October 10, 2006

Using the dreamy foxy propaganda chick

Maybe it’s just me, but sometimes I take an instant, visceral, irrational dislike to people in ads. For example, there’s a little twerp in a Dassault Systems ad that I might take aim at in a future post (if I can be arsed), whom I may not have noticed were it not for its continuous airing. But enough of that.
My current victim is this innocent model, who somehow turns an ad with a vague point into something without any point at all.
Who is this dreamy foxy chick? Is her life so empty that she’s fantasising over switching her account to another high street bank? Is she a Lloyds worker, dreaming of her next enthusiastic customer?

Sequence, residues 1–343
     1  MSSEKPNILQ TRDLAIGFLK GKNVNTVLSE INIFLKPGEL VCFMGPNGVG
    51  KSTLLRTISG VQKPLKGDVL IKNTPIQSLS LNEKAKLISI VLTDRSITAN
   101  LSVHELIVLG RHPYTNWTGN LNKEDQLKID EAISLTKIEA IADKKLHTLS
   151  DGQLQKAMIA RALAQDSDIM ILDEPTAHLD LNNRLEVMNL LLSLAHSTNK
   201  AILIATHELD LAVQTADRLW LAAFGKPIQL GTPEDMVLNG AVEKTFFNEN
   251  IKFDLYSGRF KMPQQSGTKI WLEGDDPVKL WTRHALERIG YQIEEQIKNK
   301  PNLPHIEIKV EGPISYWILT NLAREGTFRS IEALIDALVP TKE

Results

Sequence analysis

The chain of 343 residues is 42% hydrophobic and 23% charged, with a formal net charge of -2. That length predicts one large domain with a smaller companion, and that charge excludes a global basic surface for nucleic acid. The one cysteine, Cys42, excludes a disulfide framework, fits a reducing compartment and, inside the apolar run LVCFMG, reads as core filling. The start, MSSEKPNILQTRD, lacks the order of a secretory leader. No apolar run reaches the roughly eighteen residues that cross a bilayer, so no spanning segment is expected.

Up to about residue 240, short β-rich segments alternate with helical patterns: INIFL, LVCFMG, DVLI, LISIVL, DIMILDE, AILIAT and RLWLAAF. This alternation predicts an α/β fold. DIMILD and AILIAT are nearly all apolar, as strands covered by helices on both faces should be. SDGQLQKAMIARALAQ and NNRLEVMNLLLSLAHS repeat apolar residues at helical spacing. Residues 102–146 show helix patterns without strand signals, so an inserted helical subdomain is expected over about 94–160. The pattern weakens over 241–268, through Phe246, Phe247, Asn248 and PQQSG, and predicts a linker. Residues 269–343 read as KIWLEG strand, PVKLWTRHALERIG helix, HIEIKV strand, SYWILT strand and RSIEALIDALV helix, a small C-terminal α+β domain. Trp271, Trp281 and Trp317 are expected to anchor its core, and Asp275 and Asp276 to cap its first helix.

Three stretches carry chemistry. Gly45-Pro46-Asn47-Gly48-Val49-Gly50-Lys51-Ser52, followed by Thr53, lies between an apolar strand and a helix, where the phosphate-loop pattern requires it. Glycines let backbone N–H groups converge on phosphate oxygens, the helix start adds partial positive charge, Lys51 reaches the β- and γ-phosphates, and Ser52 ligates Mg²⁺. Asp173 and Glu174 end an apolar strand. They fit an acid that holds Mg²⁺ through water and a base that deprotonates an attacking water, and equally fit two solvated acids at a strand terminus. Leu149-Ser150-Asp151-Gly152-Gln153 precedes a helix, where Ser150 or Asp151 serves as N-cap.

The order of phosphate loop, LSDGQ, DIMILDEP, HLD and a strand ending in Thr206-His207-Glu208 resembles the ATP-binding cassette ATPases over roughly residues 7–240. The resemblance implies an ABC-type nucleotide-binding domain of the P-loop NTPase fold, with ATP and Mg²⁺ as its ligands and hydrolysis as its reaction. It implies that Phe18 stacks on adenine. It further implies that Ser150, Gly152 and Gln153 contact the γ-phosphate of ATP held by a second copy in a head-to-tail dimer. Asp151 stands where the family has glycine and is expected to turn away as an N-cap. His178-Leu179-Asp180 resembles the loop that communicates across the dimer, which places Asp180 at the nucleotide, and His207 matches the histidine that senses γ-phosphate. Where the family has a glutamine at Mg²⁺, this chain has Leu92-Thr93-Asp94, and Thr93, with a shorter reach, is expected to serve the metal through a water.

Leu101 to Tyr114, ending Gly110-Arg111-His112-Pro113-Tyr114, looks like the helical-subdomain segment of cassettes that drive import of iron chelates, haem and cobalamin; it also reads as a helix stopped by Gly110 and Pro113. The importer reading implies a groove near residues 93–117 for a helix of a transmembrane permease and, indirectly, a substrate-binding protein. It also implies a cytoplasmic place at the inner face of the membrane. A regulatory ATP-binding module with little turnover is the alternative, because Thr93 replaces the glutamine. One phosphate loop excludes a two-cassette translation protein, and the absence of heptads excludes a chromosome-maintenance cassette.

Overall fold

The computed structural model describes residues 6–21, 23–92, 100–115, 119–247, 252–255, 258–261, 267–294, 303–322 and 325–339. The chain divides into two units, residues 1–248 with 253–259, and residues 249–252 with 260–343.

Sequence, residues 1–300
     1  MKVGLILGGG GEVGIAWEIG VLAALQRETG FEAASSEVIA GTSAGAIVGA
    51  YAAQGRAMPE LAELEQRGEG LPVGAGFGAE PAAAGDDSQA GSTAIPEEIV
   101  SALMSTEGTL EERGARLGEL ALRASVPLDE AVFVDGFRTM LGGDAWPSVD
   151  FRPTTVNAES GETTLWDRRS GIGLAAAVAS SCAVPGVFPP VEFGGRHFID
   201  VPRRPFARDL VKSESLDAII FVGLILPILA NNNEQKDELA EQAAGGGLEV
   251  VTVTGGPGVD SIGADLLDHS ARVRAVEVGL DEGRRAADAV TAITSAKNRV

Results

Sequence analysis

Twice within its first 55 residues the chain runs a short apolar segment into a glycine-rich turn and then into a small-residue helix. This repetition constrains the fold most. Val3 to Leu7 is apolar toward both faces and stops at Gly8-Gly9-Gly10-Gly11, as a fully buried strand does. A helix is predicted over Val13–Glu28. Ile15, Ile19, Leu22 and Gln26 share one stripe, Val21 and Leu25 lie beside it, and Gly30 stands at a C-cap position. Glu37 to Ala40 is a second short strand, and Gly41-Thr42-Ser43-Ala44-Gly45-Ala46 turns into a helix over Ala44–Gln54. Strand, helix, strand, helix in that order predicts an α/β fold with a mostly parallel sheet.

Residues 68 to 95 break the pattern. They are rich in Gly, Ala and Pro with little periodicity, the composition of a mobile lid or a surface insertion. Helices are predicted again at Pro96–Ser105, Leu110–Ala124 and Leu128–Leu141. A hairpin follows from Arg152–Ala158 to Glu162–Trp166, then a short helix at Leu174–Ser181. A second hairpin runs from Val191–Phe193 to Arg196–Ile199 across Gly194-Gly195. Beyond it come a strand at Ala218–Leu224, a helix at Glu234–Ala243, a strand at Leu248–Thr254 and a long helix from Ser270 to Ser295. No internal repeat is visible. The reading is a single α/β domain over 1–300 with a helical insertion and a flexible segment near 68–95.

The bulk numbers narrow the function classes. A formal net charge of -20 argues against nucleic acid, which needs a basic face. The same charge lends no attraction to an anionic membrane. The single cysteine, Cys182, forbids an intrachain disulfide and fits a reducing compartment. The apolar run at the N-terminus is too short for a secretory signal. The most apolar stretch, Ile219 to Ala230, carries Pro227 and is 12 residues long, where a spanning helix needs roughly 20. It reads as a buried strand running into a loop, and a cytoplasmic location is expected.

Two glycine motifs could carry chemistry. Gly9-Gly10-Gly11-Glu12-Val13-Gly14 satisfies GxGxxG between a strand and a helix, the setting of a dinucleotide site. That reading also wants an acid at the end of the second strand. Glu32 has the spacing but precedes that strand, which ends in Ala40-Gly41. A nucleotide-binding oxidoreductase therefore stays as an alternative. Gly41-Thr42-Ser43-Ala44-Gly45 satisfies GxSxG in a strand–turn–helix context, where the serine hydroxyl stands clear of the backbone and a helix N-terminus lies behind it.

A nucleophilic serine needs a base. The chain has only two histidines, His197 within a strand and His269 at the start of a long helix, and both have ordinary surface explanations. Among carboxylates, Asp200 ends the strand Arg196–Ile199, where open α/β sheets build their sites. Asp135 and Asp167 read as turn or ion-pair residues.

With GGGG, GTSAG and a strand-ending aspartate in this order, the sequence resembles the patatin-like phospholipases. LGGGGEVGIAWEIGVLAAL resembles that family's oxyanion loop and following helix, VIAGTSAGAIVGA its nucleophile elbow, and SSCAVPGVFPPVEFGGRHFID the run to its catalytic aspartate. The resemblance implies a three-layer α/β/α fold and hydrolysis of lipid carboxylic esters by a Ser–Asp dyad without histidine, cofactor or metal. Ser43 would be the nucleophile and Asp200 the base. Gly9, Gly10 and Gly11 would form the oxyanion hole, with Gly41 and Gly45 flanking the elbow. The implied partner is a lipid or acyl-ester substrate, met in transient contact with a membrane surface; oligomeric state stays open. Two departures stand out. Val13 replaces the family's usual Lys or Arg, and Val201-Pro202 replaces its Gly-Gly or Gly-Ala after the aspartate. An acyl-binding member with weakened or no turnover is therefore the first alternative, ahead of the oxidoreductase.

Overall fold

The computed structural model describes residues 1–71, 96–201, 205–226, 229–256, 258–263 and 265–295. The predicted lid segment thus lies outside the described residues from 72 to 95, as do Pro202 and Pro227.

I don’t know, and I don’t care, because the dreamy foxy chick pose is a ridiculous distraction, probably foisted upon some unfortunate junior creative at Rainey Kelly Campbell. It really is composition-by-numbers; the pose is a lazy propaganda trick that’s as old as Lenin’s cat, e.g.:
In fact, having taken two random recent examples of print ads featured on CMM News, you can see how easy it is to insert a dreamy propaganda chick.

It also doesn’t help that as one of their long-standing customers, I eventually realised that Lloyds is a rubbish bank anyway.

Tags: Press / outdoor ads

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